It’s good because I think that attitude paid off and helped me climb my way up to second place this year. And it’s the same thing, would I have rather had a gold medal? Sure. But at the end of the day I’m really happy with how well I performed all year and it was just a really good time.
Do you look back and say I need to fix this and this or do you keep things exactly how they are?
It’s a bit of both. You don’t want to drastically change everything you’re doing because I’ve seen every year myself getting better. But you can’t be afraid to also continually sharpen the saw. I think the same principles, the big things like my nutritionist, my coach, I’m keeping those things the same. But little things along the way like slight changes in diet or my coach, who’s smarter than me, will say I think we need to do this this year and I’ll trust him because he’s the guy that got me here. And you know, I’m changing so maybe what I’m doing needs to be changing a little too. But I think any smart athlete is constantly looking for ways to improve while also keeping the good things that have given them success.
What’s what thing you need to improve?
Similar to the last few years, just raw strength. So things like my bench, my strict press, my upper back strength, my deadlift, my back squat — those are things I’ve always struggled with and I probably always will, you know, relative to some of the other high level CrossFit competitors. But I’ve seen a lot of improvements and with those improvements that’s when I’ve started to make climbs on the overall leaderboard.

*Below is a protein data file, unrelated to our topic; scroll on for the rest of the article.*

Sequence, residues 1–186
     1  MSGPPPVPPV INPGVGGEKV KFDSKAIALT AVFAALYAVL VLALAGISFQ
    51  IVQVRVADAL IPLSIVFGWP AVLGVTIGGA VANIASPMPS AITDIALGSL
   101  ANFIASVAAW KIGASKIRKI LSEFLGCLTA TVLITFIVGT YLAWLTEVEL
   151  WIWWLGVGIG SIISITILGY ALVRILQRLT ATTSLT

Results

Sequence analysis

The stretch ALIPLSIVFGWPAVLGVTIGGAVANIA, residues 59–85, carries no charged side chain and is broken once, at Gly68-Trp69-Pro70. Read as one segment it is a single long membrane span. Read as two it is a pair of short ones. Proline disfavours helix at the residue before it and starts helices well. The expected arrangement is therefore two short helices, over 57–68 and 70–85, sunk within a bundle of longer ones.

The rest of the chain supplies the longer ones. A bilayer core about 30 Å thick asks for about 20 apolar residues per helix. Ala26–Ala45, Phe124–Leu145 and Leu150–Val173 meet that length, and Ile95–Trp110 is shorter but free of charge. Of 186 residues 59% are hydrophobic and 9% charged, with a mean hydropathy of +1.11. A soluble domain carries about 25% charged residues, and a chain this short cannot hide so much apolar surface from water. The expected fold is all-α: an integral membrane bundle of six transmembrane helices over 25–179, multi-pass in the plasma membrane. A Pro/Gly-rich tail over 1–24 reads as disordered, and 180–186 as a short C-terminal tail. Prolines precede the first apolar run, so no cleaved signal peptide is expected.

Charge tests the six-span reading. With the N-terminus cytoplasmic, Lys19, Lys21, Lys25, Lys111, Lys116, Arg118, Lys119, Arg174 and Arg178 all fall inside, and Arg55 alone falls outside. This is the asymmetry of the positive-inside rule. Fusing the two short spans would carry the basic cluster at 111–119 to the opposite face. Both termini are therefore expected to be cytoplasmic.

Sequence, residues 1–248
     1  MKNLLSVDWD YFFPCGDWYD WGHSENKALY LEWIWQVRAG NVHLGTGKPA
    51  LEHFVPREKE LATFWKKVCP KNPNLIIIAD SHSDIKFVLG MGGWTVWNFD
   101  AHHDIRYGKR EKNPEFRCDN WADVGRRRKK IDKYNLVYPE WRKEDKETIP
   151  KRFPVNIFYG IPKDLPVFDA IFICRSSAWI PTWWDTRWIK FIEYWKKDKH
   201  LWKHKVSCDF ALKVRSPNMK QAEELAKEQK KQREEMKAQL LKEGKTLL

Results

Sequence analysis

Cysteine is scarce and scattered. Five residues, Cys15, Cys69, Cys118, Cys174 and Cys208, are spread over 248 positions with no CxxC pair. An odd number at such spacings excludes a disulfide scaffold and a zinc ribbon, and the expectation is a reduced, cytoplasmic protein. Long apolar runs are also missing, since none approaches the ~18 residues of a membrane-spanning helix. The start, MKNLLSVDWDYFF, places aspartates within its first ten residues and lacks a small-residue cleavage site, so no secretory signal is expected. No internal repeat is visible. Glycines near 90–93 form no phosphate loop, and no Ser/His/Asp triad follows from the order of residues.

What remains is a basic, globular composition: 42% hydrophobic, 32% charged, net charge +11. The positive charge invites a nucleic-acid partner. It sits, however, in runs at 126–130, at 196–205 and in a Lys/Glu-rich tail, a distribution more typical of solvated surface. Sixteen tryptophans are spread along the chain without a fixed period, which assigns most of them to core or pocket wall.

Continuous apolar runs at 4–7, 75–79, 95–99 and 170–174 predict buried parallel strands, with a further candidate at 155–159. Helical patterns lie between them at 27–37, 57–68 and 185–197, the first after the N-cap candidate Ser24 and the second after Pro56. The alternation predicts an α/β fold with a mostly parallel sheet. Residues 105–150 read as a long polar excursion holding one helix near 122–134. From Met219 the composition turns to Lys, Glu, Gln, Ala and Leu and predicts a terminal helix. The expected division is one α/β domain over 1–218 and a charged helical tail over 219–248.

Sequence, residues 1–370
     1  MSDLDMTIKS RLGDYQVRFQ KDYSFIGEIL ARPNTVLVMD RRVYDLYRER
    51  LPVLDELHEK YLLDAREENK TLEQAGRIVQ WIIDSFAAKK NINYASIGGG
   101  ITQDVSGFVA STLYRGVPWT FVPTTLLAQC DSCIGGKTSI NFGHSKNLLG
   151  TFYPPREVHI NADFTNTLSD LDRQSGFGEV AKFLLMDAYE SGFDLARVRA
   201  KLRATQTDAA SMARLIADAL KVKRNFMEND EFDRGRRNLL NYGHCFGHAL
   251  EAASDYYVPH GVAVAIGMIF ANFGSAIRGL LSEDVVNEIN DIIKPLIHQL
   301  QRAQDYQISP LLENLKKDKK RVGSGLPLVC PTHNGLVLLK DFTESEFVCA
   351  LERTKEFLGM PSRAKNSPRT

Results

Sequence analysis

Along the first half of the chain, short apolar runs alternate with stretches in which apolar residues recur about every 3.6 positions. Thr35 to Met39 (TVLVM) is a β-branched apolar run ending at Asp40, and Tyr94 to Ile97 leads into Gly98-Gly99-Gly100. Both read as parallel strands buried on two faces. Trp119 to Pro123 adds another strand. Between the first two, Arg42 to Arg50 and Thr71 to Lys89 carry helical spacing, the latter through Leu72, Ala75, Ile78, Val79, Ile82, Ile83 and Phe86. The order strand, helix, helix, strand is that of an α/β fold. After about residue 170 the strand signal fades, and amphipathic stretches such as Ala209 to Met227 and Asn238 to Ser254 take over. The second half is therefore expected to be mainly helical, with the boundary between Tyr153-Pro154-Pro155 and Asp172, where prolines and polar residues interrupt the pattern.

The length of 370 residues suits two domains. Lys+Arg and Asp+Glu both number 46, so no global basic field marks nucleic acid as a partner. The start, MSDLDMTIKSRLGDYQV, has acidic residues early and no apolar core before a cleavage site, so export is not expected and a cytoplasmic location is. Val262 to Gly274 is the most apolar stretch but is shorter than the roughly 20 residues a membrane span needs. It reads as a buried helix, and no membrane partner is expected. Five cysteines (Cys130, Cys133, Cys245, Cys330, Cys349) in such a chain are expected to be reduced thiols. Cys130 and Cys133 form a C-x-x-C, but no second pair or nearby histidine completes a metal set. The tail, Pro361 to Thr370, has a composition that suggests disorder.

Related: Want To Master The Deadlift? Follow These Three StrategiesReebok
Any changes in your diet?
Nothing major. I guess I’m always looking for little things to improve on whether it’s just finding a better place to buy eggs, you know, some different vegetables to mix in or different supplement to try out, stuff like that.
How is your diet different now than it was before you were an elite CrossFitter?
I’ve always eaten healthy. I think I was 15 and I didn’t eat dessert for a month or two because I had a big swimming race and I wanted to win. I’ve always kind of been that guy that’s understood that correlation between eating well and performing well and I cut out dairy, as a teenager, just because I thought it would be a good idea and I wanted to try it and see if it made a difference.
And… did it?
Yeah. I mean, I have some dairy now but it’s all from a local grass fed cows so I don’t get much of a reaction. But before, I had a lot of dairy. I drank a lot of milk. I would always be at least a little congested. I would always have a runny nose, always get phlegm in my throat and I thought maybe I just had allergies. Then I had read a few things as a teenager about how they may be correlated and I thought, oh, maybe I’ll just cut that out. My parents were cool with my trying that out and supportive of that and I noticed a difference so I haven’t really drank milk since. I used to love it. I would drink 2-3 bowls of cereal a day.